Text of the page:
God help us. God help us. Don’t let us die, not today. God! I’m just a kid, but please hear me. God. God! God.
A knot in the tree is digging into my elbow, like it’s cutting me, but I know it isn’t. This helps me forget how scared I am. I look back out through the mango leaves. My whole village is split into these three groups, boys, women and men. A couple of the rebels stand by the groups, making sure villagers don’t run or talk. The guards are older. Men with thick necks and arms clutching guns.
Another soldier, a beret smoothing the shadow of his head, starts shouting and waving, and the younger rebels make a big circle around him. This must be their leader. I don’t know a lot of the words, but every once in a while the grown-up rebels shout something back. They call him Captain. They push the kids to shout too. The Captain is talking about injustice and strength. He says names I’ve never heard before. Now he’s talking about enemies. The rebels in the circle shout louder. Every time the Captain takes a breath, they’re yelling. Jumbled words, not real sentences. The guards join in too, raising their guns above their heads. The young rebels’ voices are higher and they crack.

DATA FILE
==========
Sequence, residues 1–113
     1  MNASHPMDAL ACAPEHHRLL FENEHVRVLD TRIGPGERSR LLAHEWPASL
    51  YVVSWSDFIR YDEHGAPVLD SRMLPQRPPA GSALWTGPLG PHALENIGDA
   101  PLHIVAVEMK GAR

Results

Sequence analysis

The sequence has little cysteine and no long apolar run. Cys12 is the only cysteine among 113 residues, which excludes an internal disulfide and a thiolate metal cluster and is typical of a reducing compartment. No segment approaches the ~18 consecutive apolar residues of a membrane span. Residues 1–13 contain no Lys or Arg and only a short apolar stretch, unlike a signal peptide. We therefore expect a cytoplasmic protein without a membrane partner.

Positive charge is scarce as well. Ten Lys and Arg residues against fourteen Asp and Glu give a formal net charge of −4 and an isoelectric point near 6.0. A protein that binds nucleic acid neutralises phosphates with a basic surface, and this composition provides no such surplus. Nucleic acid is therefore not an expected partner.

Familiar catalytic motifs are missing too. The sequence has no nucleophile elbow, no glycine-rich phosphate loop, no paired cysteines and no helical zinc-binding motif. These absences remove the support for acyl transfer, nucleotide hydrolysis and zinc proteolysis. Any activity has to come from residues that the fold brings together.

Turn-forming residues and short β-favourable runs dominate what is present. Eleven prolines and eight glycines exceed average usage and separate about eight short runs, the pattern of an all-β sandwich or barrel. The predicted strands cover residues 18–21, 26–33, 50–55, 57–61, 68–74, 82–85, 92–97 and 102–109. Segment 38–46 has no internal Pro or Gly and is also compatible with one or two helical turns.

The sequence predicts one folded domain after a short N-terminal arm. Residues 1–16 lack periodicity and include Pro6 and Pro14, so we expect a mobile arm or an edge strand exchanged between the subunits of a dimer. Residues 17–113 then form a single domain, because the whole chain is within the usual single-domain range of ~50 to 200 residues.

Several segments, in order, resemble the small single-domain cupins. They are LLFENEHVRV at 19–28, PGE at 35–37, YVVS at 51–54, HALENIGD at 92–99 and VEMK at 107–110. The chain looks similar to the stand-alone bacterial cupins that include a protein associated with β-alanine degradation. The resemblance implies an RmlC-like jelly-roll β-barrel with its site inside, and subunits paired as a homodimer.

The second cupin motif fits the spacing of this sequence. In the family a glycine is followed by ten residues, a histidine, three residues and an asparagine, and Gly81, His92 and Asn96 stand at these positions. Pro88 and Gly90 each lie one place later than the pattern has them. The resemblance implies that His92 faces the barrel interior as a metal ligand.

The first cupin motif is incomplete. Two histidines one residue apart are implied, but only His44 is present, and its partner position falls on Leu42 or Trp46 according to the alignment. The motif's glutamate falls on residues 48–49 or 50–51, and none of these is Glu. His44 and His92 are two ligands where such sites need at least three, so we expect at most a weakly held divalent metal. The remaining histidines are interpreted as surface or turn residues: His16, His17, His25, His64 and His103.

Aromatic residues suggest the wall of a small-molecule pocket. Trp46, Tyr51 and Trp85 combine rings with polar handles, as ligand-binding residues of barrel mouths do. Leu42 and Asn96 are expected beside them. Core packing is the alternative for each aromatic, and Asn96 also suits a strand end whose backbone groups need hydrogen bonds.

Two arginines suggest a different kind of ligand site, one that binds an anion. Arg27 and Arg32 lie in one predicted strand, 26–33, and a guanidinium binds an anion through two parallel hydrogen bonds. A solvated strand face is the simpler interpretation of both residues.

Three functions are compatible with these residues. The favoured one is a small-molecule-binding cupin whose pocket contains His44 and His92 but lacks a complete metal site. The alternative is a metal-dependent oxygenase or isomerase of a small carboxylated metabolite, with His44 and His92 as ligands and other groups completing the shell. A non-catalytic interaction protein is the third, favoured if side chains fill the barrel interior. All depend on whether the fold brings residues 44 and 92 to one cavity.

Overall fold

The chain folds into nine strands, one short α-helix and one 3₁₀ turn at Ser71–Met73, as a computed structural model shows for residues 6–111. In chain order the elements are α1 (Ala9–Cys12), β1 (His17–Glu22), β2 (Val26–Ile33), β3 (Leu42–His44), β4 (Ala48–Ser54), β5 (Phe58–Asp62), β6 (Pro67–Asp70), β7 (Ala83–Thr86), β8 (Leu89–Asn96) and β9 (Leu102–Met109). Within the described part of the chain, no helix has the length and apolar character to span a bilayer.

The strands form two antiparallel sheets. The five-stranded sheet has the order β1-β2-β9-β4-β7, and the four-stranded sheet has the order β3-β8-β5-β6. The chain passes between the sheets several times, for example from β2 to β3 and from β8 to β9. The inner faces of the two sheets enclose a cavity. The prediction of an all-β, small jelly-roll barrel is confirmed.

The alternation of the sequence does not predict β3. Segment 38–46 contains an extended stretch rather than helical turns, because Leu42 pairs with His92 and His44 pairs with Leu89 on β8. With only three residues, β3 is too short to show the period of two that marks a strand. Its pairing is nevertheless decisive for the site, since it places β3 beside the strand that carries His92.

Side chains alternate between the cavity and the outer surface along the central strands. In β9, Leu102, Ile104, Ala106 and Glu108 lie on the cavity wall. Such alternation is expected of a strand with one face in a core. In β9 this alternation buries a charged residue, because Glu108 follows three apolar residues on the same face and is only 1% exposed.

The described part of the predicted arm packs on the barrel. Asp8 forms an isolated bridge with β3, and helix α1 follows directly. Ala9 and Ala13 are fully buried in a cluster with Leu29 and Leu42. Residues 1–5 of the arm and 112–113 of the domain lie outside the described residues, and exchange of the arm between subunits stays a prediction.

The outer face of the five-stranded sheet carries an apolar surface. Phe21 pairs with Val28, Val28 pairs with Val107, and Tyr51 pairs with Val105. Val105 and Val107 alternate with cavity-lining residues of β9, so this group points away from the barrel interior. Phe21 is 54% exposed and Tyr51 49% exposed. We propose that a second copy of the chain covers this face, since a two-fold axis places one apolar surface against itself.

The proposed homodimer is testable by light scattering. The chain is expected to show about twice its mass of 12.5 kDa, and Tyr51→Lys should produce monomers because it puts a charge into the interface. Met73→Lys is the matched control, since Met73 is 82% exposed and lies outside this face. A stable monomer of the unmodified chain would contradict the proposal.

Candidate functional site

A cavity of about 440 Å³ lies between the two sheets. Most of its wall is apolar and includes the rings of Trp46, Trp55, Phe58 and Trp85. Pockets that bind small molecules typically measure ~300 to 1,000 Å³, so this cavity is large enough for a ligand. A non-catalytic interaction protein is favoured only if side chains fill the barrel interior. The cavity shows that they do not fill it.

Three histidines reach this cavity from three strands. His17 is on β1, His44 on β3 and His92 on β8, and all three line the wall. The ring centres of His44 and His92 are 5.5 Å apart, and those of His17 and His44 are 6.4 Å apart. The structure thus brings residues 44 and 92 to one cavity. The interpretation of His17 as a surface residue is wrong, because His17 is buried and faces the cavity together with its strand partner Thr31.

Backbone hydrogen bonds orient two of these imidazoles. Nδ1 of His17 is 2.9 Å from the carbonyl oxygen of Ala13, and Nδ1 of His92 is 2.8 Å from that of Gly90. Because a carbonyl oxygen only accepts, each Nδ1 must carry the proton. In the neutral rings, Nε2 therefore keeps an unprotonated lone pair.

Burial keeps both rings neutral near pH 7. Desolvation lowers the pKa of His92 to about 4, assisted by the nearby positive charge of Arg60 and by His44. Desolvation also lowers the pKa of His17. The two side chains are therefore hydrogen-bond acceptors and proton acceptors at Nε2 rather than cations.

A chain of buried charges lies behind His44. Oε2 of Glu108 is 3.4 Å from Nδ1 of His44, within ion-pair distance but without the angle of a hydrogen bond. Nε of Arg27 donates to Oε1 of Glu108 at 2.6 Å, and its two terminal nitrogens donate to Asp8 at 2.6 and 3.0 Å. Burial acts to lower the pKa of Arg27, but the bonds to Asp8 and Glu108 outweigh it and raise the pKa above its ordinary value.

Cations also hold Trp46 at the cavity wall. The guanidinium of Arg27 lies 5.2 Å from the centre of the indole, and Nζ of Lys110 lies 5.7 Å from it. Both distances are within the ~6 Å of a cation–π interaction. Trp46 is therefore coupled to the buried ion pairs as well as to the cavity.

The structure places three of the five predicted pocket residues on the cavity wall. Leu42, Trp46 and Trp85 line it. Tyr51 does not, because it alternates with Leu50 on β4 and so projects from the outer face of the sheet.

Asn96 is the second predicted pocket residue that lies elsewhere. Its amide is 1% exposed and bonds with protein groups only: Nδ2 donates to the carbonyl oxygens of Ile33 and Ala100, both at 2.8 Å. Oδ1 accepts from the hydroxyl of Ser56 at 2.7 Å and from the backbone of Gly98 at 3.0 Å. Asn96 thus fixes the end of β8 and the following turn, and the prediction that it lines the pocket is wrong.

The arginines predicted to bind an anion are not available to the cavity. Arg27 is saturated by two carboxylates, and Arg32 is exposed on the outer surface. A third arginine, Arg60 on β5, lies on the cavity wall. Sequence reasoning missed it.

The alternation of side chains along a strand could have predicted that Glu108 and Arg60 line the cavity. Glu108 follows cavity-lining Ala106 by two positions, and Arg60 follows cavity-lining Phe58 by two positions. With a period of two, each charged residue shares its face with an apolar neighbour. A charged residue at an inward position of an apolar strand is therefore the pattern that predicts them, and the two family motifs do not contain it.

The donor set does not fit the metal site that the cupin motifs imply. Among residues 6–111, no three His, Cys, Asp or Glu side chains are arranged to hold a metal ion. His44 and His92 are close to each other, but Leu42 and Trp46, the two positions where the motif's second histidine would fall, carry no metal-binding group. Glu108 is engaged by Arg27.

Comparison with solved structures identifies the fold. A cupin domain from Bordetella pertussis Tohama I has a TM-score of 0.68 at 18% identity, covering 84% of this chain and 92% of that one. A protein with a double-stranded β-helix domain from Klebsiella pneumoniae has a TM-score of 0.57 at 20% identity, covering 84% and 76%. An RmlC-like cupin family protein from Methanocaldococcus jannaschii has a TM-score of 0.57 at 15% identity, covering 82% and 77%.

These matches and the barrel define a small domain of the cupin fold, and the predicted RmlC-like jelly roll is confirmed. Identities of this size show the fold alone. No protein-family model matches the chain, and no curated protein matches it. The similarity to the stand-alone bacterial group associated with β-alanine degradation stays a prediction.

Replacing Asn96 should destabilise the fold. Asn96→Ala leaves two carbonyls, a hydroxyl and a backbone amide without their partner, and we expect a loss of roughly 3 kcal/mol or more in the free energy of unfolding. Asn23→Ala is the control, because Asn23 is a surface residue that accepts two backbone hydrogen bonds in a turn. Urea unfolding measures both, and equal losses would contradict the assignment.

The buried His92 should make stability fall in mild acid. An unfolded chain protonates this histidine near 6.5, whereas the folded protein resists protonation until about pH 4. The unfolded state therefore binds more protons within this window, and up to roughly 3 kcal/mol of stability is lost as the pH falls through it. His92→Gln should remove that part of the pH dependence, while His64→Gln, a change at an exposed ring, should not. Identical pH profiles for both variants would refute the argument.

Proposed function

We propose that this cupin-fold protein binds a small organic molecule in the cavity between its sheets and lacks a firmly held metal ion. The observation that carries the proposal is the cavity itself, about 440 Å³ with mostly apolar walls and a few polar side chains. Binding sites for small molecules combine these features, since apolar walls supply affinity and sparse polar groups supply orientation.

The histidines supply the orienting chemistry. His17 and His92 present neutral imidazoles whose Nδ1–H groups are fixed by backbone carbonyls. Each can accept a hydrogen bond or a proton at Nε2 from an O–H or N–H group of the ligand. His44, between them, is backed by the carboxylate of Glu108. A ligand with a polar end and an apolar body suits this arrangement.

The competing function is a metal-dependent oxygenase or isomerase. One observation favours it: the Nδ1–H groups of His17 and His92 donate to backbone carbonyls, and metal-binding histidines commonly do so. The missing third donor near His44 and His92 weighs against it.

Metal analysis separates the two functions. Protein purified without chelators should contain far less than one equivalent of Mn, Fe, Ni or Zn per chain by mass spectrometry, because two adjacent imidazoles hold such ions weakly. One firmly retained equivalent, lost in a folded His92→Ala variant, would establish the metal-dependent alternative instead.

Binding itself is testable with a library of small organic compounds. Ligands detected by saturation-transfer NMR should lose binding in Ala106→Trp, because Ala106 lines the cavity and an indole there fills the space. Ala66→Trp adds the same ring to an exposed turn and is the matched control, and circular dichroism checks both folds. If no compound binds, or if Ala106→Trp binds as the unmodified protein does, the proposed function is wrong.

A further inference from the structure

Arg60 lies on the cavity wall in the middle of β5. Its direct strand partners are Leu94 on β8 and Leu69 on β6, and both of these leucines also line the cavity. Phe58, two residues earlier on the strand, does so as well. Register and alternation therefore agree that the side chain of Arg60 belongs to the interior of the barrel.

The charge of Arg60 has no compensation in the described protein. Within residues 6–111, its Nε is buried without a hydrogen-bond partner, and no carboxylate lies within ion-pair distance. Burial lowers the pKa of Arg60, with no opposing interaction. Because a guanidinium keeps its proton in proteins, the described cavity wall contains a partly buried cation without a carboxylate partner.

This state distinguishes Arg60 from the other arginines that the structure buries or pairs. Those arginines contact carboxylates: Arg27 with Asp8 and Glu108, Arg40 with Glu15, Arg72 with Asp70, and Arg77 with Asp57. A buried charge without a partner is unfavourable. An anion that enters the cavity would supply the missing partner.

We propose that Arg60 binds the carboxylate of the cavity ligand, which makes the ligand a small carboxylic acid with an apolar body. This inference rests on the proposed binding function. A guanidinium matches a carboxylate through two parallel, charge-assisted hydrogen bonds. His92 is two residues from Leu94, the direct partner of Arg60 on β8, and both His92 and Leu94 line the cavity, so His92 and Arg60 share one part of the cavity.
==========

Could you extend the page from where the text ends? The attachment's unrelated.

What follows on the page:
They think my village is their enemy. I didn’t know we were on a side.
The Captain in his beret is yelling, ‘Revolution.’ The grown-up rebels shout the slogans over and over. They grab the kids’ arms and raise them up, making them repeat the slogans. The grown-ups smile at the older boys and shake their fists to encourage them more. Now the Captain just stands silently, hands on hips, and looks at his soldiers as they shout. Some stomp. Some whistle. Some hoot.
All at once, they stop. A few of the youngest ones cover their mouths with their hands. The Captain has raised his arms, pistol pointing upward as if he wants to shoot the sky. The quiet is like another voice, louder than the shouting. Scarier than the screaming.